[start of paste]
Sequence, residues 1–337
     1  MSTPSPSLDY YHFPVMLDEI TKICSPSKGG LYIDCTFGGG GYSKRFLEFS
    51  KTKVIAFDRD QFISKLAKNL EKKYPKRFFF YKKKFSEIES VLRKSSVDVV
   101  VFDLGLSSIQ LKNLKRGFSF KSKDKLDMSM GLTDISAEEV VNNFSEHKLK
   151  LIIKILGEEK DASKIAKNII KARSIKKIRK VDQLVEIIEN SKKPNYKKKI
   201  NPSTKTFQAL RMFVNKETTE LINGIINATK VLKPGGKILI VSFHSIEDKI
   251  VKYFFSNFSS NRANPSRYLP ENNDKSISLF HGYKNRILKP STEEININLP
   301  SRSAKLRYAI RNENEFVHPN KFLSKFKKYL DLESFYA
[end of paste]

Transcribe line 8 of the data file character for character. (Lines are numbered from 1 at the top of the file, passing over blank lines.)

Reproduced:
   301  SRSAKLRYAI RNENEFVHPN KFLSKFKKYL DLESFYA